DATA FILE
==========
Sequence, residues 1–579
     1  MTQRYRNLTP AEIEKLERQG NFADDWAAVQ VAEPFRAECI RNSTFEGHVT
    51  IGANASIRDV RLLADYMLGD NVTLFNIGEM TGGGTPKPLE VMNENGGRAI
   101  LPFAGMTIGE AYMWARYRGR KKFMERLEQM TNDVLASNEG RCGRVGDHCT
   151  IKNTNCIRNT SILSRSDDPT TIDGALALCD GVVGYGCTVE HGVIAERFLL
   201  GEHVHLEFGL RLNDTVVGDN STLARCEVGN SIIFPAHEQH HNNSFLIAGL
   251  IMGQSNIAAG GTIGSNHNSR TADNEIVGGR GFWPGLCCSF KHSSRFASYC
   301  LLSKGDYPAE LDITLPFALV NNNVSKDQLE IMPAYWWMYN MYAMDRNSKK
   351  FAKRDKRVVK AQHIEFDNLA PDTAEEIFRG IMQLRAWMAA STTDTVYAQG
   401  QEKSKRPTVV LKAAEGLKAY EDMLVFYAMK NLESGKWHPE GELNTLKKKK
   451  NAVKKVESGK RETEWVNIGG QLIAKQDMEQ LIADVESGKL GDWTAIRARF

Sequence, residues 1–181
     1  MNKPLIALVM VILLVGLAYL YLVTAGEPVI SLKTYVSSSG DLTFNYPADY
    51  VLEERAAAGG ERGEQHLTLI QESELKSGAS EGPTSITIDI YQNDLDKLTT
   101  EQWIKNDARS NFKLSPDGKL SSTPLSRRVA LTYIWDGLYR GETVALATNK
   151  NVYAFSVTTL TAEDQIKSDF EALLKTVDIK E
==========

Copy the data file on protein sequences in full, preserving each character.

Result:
Sequence, residues 1–579
     1  MTQRYRNLTP AEIEKLERQG NFADDWAAVQ VAEPFRAECI RNSTFEGHVT
    51  IGANASIRDV RLLADYMLGD NVTLFNIGEM TGGGTPKPLE VMNENGGRAI
   101  LPFAGMTIGE AYMWARYRGR KKFMERLEQM TNDVLASNEG RCGRVGDHCT
   151  IKNTNCIRNT SILSRSDDPT TIDGALALCD GVVGYGCTVE HGVIAERFLL
   201  GEHVHLEFGL RLNDTVVGDN STLARCEVGN SIIFPAHEQH HNNSFLIAGL
   251  IMGQSNIAAG GTIGSNHNSR TADNEIVGGR GFWPGLCCSF KHSSRFASYC
   301  LLSKGDYPAE LDITLPFALV NNNVSKDQLE IMPAYWWMYN MYAMDRNSKK
   351  FAKRDKRVVK AQHIEFDNLA PDTAEEIFRG IMQLRAWMAA STTDTVYAQG
   401  QEKSKRPTVV LKAAEGLKAY EDMLVFYAMK NLESGKWHPE GELNTLKKKK
   451  NAVKKVESGK RETEWVNIGG QLIAKQDMEQ LIADVESGKL GDWTAIRARF

Sequence, residues 1–181
     1  MNKPLIALVM VILLVGLAYL YLVTAGEPVI SLKTYVSSSG DLTFNYPADY
    51  VLEERAAAGG ERGEQHLTLI QESELKSGAS EGPTSITIDI YQNDLDKLTT
   101  EQWIKNDARS NFKLSPDGKL SSTPLSRRVA LTYIWDGLYR GETVALATNK
   151  NVYAFSVTTL TAEDQIKSDF EALLKTVDIK E